Inov-8 Roclite 305 Review

More Trail Running Shoe Options

To find more options for trail running shoes, check out our Best Trail Running Shoes article and our full collection of trail running shoe reviews.

Inov-8 Roclite 305 Review

Inov-8 has been making the popular ROCLITE series of shoes since 2006. To usher in the next decade of designing versatile trail running shoes for perhaps an even wider audience of demanding trail runners, they revamped this series with fresh function and fit technology and are releasing five new models—the ROCLITE 290, 305, 305 GTX, 325, and 325 GTX. I tested the ROCLITE 305.

The Inov-8 ROCLITE 305 ($130) weighs in at 305 grams or 10.675 ounces but feels much lighter underfoot. It has my favorite 8mm drop with a stack of 22.5mm in the heel and 14.5mm in the forefoot, which means I still enjoy enough ground feel to keep me in tune with what is underfoot without feeling like I’m on marshmallows. The 6mm footbed is substantial enough to smooth the ride but is removable should you prefer.

Inov-8 Roclite 305

The Inov-8 ROCLITE 305. All photos: iRunFar/Bryon Powell

Inov-8 ROCLITE 305 Upper

The upper has been created with different densities of mesh that is enhanced in three different ways. In the anterior zone in the forefoot, the more open mesh has a small repeated diamond pattern stitched in. After over 150 muddy and snowy miles, the only places this stitching has frayed is in the flex area for pushing off. The mesh itself is still in great condition and drains very well when the slush and goop gets in. Conversely, the mesh does an adequate job of keeping the dust and small debris out as well.

In the mid zone of the upper through the medial and lateral sides of the foot, a denser mesh has welded overlays that integrate with the upper’s ADAPTERWEB met-cradle system. This allows the shoe to cinch better through the midfoot, thus keeping the foot on top of the shoe when the footing gets wildly off camber. This system also gave me more confidence that my shoes would stay on in the shoe-sucking mud. The flat laces included with the shoes retained double knots well and rarely required a re-tie. The completely unobtrusive padded tongue is gusseted to the most proximal lace holes and stays perfectly in place over the miles.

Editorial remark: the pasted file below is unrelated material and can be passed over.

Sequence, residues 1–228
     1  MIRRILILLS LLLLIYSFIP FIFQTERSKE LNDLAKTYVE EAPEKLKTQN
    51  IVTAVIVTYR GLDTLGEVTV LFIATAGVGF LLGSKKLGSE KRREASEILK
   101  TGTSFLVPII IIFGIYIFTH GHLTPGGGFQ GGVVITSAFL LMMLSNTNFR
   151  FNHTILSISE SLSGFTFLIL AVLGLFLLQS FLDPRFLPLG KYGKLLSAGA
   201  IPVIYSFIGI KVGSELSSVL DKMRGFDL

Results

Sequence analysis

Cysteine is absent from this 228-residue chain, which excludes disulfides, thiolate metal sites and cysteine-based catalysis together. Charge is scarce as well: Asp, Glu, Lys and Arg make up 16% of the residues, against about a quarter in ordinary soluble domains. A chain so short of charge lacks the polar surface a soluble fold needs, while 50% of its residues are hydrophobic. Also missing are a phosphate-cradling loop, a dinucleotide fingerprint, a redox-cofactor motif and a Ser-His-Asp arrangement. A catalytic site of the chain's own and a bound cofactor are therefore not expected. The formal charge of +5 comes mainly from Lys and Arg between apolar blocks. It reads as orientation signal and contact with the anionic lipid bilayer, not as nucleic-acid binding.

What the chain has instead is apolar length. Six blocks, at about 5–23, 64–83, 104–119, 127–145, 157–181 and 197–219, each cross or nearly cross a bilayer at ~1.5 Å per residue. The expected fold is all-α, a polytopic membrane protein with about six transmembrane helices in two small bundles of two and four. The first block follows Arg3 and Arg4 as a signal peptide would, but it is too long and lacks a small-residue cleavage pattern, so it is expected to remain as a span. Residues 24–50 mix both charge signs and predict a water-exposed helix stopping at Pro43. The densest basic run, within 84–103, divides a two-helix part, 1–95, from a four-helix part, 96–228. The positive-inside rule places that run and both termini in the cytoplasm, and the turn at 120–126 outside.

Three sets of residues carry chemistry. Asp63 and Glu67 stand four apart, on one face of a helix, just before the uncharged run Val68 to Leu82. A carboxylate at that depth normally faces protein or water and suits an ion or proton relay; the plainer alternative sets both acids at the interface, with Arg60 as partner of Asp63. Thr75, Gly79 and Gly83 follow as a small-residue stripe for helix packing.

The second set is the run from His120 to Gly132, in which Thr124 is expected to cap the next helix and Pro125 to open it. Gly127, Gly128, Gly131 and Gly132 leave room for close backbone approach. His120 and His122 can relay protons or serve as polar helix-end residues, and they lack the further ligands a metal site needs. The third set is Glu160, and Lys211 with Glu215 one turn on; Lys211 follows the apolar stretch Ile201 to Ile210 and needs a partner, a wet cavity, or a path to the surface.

The posterior portion of the upper has a contrasting, reinforced, dense overlay called the X-LOCK, which is designed to create a more snug fit at the heel as well enhance the external stability, which again assists in keeping one’s foot well connected to the shoe when footing is dicey. I’m a big fan of these new overlay technologies when I compare the fit of the ROCLITE 305 to the old Inov-8 Race Ultra 290, which I reviewed several years ago. My foot stays in the shoe, on top of the midsole, and has no ‘quick tip’ to the side if I hit the side of a rock or mucky root the wrong way.

Inov-8 Roclite 305 lateral upper

The Inov-8 ROCLITE 305 lateral upper.

Inov-8 ROCLITE 305 Midsole

The midsole is another place the updates in this shoe really shine. It has been updated with Inov-8’s new POWERFLOW technology, which the website states will provide 10% better shock absorption and 15% better energy return. I’m not great on calculating these types of percentages when I run, but I can say that 150 miles in, this shoe has just as much firm cushioning as I felt the day I took them for their inaugural outing. The responsiveness makes these shoes fun to wear whether on muddy, rooty singletrack or tilted slickrock. I also don’t think twice about wearing these if I know the run will have a fair amount of dirt-road connectors though I wouldn’t call them a ‘dirt-road shoe.’ This is a shoe you could easily take to a varied-terrain 50k or 50 miler in questionable weather and never once wish for a shoe change. I’m sure the same is true with 100 milers, but I’ve sworn off attempting those, so you’ll have to test it out for yourself and see.